This richly textured look at Tethys (1,062 kilometers, 660 miles across) shows the huge crater Odysseus and its central mountain in relief, as well as many smaller impact sites. Vertical relief on solid solar system bodies is often most easily visible near the terminator (the line between day and night).
North on Tethys is up in this view. The lit portion of Tethys seen here is on the moon's leading hemisphere as it orbits Saturn.
The image was taken in visible light with the narrow angle camera on June 27, 2005, from a distance of approximately 490,000 kilometers (304,000 miles) from Tethys and at a Sun-Tethys-spacecraft, or phase, angle of 117 degrees. The image scale is 3 kilometers (2 miles) per pixel.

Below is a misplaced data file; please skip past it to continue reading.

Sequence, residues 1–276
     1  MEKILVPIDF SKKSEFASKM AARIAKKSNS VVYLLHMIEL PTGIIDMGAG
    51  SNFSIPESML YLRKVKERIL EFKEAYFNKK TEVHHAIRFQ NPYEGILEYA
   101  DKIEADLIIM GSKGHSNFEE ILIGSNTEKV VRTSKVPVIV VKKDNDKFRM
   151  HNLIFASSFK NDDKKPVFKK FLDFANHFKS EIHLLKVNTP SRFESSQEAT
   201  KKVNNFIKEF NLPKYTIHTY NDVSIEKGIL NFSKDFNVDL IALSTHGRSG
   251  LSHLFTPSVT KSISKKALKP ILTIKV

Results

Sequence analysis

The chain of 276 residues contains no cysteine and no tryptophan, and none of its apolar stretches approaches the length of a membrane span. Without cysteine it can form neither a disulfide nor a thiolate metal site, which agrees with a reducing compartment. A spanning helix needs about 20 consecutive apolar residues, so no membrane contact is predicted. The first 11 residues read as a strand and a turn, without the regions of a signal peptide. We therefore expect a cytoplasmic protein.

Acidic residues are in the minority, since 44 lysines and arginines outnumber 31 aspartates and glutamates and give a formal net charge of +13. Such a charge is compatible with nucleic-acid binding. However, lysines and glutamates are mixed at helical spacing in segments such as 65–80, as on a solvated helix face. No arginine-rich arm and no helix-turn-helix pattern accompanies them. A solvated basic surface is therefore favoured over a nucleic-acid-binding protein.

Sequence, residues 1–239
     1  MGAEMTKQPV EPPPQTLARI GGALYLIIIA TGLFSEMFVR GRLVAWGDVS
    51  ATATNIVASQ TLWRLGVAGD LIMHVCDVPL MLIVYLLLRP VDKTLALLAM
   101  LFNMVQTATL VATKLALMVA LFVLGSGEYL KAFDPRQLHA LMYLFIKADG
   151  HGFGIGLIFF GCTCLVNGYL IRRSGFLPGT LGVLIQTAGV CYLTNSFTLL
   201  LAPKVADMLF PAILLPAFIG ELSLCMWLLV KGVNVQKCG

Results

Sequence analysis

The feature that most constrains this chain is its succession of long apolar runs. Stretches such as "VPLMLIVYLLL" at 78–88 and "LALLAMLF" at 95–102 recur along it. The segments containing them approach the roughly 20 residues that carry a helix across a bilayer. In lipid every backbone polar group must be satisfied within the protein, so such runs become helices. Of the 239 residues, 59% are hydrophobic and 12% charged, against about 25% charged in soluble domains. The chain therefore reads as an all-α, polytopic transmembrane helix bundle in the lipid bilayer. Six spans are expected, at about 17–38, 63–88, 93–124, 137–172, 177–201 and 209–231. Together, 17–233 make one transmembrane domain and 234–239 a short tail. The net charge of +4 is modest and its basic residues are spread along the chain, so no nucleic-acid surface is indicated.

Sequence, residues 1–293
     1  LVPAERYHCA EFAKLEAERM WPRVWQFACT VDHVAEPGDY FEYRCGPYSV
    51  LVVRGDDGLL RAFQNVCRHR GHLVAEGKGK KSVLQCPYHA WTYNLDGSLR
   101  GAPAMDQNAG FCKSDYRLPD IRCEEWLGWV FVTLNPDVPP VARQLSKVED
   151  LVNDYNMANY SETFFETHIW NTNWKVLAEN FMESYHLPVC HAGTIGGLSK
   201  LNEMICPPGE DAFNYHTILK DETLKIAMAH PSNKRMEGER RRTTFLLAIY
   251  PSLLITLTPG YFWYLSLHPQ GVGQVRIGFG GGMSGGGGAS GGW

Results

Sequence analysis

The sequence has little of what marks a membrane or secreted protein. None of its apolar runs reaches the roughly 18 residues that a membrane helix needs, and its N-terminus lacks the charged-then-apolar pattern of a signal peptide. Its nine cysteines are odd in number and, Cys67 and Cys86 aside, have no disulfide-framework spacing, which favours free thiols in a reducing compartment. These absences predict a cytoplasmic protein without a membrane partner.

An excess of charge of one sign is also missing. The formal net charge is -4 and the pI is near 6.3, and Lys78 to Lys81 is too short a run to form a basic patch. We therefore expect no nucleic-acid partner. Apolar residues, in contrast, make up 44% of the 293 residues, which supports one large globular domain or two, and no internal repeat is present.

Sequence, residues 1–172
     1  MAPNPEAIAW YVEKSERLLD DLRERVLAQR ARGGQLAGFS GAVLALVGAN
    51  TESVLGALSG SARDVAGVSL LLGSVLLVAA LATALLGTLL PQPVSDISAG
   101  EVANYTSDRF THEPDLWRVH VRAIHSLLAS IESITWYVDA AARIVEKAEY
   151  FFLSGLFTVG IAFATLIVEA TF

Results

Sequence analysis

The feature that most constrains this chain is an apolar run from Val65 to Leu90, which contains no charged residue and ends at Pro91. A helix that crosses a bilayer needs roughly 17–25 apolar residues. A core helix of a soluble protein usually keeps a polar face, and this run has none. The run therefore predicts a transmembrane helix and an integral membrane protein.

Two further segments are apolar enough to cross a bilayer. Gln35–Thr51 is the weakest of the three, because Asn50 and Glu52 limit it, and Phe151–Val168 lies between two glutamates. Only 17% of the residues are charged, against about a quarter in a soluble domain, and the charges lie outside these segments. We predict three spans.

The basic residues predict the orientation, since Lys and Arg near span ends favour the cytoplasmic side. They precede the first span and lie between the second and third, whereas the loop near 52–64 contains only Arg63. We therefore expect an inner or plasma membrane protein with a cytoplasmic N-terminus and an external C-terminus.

The Cassini-Huygens mission is a cooperative project of NASA, the European Space Agency and the Italian Space Agency. The Jet Propulsion Laboratory, a division of the California Institute of Technology in Pasadena, manages the Cassini-Huygens mission for NASA's Science Mission Directorate, Washington, D.C. The imaging team consists of scientists from the US, England, France, and Germany. The imaging operations center and team lead (Dr. C. Porco) are based at the Space Science Institute in Boulder, Colo.